Figure 6. Immunostaining of tropoelastin on day nine frozen skin sections; reduced tropoelastin expression was alleviated when pre-treating with <em>Polygonum aviculare</em> extract.

The same technique was used for immunostaining of tropoelastin on day nine frozen skin sections.

Figure 7. Results from viscoelastic measurements: a) firmness and b) elasticity (D28)

Figure 7. Results from viscoelastic measurements: a) firmness and b) elasticity (D28)

Results from viscoelastic measurements are shown in Figure 7.

Figure 8. Results from skin topography measurements in the crow’s feet area

Figure 8. Results from skin topography measurements in the crow’s feet area

Results from skin topography measurements in the crow’s feet area are shown in Figure 8.

Figure 9. A selection of photographs representative of the clinical results described

Figure 9. A selection of photographs representative of the clinical results described

A selection of photographs, representative of the clinical results described, are presented in Figure 9.

Figure 10. Protective effects are seen at all skin levels, opposing UVB at the epidermis as well as UVA and IRA at the dermis.

Figure 10. Protective effects are seen at all skin levels, opposing UVB at the epidermis as well as UVA and IRA at the dermis.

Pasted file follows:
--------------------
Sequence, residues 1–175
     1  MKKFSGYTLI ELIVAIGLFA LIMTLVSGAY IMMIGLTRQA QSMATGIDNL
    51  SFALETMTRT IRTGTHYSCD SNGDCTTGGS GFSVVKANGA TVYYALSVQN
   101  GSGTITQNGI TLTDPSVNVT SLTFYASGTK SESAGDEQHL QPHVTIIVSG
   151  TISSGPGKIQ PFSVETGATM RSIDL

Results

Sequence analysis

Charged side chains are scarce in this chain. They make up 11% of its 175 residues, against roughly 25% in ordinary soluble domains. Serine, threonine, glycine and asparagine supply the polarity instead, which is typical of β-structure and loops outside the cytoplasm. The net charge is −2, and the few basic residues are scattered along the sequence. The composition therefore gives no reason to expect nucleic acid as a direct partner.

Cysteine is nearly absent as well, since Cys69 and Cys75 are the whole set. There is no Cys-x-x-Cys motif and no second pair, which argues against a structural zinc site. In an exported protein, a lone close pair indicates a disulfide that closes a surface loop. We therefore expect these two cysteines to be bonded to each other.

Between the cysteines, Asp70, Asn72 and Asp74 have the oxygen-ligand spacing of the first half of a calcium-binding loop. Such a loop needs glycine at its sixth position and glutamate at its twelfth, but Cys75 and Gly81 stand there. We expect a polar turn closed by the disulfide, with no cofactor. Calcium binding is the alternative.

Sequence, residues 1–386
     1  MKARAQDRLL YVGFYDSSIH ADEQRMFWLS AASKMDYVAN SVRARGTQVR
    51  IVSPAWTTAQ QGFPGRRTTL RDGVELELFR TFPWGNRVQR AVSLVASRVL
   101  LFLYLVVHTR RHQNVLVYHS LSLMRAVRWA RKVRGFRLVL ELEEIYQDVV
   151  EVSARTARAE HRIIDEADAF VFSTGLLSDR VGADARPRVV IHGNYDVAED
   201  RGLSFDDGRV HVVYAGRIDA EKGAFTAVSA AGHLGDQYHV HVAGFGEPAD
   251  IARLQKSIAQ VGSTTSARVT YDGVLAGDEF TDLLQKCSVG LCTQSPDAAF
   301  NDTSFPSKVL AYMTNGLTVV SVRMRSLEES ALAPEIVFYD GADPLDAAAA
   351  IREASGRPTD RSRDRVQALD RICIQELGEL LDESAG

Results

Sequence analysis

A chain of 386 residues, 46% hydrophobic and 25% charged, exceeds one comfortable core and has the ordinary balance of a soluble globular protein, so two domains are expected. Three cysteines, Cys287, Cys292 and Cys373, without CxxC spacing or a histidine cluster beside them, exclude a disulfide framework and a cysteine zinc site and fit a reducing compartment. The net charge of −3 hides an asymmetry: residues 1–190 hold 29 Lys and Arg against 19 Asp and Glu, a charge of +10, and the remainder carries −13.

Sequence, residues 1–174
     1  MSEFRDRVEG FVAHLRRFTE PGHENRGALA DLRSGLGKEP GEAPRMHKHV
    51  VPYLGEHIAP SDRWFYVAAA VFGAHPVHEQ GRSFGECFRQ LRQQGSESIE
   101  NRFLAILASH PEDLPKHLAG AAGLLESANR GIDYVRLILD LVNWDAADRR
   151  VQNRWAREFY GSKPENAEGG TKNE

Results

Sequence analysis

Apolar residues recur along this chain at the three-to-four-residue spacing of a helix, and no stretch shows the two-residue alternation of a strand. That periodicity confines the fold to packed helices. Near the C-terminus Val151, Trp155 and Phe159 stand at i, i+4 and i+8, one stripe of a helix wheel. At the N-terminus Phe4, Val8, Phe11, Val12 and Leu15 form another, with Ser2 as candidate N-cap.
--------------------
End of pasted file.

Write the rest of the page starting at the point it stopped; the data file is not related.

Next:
Its protective effects are seen at all skin levels, opposing UVB at the epidermis as well as UVA and IRA at the dermis (see Figure 10).

Footnotes (CT1309 Loing)

a Elix-IR (INCI: Polygonum Aviculare extract) is a product of Lucas Meyer Cosmetics, www.lucasmeyercosmetics.com.
b The Lourmat RMX 3W UV simulator is manufactured by Vilber, www.vilber.com.
c The IR lamp described is manufactured by Dr. Fisher, www.dr-fischer-group.com.
d The MPA 580 Cutometer is a device from Courage-Khazaka GmbH, www.courage-khazaka.com.
e The Visio3D DermaTOP BLUE system is a device from Eotech SA, www.eotech-sa.com.

Formula 1. Test formulation used in the clinical study

Formula 1. Test formulation used in the clinical study

All subjects were asked to blindly apply a test and control cream (see Formula 1) containing, or not, 2% Polygonum aviculare extract.